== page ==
When the composite operation shown in FIG. 3 is executed, software running on the processor 201 manages the buffer area on the memory 204 used by hardware. Like a normal case wherein a memory area is dynamically ensured by software, an area with a necessary size is ensured in the Heap area by using a memory allocate function (a system function provided by the OS: e.g., malloc).

In the composite operation shown in FIG. 3, the buffer area write-accessed by the scanner controller 205 by DMA is the same as the buffer area read-accessed by the printer controller 206 by DMA. If there is only one buffer area, the address written by the scanner controller 205 is read out by the printer controller 206 later. However, the speed of read from a scanner and the speed of printing by a printer are normally different. Hence, if there is no mechanism for synchronizing the scanner controller 205 with the printer controller 206, the read address may go ahead of the write address.

To avoid this, the buffer is generally doubled. More specifically, while the scanner controller 205 write-accesses one buffer area by DMA, the printer controller 206 read-accesses the other buffer area by DMA. When DMA transfer of both controllers is ended, the buffers to be used by them are replaced, and next DMA is started.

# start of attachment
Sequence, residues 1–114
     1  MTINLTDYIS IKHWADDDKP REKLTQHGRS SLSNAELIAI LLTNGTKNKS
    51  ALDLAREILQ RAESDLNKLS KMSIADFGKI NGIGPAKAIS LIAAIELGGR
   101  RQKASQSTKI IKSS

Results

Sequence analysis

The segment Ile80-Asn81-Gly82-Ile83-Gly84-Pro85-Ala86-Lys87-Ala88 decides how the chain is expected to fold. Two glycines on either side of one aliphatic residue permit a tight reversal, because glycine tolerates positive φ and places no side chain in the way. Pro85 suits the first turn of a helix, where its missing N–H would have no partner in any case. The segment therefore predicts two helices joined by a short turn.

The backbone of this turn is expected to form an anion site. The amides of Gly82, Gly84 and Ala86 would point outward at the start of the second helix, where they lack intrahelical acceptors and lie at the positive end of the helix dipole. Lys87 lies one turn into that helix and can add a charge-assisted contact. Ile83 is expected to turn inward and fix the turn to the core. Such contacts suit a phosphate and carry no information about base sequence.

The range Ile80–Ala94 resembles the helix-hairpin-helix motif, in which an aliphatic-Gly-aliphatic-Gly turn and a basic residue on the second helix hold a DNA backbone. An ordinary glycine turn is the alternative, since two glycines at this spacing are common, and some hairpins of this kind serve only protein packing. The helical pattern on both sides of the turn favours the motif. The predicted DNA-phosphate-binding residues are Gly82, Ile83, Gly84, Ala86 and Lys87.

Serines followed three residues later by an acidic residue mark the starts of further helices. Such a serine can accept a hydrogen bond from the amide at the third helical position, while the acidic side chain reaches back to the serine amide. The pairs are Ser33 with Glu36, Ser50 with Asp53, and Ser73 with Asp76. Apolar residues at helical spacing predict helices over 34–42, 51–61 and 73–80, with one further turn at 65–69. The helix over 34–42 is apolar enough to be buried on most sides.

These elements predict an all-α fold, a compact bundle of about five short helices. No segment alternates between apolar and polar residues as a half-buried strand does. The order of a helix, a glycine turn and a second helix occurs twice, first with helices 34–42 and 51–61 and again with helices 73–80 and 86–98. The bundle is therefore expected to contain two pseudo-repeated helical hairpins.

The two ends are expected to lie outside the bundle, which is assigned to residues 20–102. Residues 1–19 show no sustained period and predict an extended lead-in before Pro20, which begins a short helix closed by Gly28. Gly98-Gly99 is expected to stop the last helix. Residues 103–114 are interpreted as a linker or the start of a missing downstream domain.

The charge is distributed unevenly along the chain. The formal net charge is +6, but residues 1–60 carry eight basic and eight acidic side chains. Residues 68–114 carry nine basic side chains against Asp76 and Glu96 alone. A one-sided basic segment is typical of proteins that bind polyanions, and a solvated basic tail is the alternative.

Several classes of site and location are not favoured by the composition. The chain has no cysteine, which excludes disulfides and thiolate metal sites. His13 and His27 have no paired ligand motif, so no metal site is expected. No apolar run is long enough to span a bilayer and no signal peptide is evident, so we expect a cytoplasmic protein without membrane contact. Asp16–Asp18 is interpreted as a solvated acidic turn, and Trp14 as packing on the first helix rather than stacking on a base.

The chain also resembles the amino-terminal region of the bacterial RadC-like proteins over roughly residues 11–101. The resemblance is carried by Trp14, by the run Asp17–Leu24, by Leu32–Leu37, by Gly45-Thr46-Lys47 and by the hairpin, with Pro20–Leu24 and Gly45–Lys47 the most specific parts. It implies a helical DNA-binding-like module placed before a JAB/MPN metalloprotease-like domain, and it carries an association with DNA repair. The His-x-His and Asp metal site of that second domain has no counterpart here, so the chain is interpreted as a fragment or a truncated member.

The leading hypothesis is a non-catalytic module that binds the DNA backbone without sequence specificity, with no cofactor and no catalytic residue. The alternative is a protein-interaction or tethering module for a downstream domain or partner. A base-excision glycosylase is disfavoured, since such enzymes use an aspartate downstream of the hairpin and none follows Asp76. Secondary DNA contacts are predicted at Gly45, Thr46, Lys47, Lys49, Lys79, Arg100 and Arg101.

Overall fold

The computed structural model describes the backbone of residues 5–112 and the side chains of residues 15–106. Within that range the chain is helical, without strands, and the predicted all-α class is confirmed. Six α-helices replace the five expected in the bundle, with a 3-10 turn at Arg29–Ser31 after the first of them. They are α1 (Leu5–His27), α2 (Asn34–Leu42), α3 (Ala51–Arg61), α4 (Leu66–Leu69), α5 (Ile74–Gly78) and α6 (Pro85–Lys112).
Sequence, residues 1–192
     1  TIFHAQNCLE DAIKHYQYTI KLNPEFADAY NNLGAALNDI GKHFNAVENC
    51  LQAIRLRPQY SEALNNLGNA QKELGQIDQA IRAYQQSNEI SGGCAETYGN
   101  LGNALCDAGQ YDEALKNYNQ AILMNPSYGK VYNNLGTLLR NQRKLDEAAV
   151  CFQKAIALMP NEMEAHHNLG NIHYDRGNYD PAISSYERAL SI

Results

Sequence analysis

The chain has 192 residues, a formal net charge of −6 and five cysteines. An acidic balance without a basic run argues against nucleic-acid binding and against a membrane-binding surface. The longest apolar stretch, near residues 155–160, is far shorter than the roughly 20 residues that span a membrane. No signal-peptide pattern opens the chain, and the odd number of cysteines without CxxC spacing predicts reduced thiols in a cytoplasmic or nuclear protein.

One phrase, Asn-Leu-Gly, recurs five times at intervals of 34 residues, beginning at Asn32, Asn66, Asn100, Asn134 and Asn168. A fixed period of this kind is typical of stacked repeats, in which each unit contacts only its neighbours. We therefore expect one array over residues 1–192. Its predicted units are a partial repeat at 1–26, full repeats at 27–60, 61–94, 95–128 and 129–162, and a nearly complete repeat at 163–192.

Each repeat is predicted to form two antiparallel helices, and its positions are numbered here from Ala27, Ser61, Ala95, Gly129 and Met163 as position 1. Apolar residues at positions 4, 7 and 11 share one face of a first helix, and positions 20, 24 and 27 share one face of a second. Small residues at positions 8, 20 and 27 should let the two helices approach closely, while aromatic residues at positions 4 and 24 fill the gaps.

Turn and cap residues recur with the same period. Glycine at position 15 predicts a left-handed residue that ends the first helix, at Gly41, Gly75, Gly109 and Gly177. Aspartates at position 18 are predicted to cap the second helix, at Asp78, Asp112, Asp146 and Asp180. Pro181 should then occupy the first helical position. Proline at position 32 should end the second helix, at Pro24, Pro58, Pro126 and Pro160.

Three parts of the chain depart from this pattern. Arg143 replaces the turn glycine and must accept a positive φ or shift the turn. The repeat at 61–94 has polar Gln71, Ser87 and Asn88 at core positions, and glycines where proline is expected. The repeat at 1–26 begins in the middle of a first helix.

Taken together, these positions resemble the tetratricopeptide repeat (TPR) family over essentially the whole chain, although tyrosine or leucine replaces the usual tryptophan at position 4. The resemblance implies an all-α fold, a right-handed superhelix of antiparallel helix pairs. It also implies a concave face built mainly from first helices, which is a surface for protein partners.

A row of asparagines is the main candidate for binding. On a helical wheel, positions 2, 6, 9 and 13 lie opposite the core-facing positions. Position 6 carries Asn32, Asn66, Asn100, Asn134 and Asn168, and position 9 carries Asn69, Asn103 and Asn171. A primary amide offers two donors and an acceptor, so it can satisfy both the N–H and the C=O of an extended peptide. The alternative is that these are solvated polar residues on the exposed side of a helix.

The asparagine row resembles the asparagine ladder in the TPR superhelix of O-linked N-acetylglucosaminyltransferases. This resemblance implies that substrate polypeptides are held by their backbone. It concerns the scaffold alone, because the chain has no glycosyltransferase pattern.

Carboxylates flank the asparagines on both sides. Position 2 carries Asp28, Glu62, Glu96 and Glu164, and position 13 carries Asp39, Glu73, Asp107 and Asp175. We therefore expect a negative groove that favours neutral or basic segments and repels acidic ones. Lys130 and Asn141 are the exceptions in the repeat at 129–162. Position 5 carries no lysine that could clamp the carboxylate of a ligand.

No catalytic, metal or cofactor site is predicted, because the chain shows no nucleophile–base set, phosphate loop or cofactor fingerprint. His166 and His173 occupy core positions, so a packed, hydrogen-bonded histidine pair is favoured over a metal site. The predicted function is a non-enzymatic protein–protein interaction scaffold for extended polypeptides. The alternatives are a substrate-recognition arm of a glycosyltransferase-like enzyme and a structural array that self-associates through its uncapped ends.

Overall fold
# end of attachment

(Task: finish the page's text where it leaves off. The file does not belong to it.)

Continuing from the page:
For example, when 1-MB data is continuously transmitted from the scanner 121 to the scanner controller 205, the argument of the memory allocate function is set to 1 MB and called. The returned address is (converted from a virtual address to a physical address) set to the DMA start address of the scanner controller 205. In this case, addresses 0x00800000 to 0x008f_ffff are ensured, and the first address 0x00800000 is set to the DMA start address. When data arrives, the scanner controller 205 continuously stores the data from the start address by DMA. When DMA is ended, the address 0x00800000 is set to the DMA start address of the printer controller 206. When software instructs to start DMA, the data is sequentially read out from the set start address in accordance with the signal of the printer interface 231 and transferred to the printer engine 123 through the printer interface 231.

At the same time, the next DMA setting is done for the scanner controller 205. The argument of the memory allocate function is set to 1 MB and called again. When addresses 0x00900000 to 0x009f_ffff are ensured, the first address 0x00900000 is set to the DMA start address. When data from the scanner interface 230 arrives, the scanner controller 205 continuously stores the data from the start address by DMA.

In this way, the DMA operation is repeatedly executed while using the two areas corresponding to the addresses 0x00800000 to 0x008f_ffff and 0x00900000 to 0x009f_ffff in alternate order between the scanner controller 205 and the printer controller 206.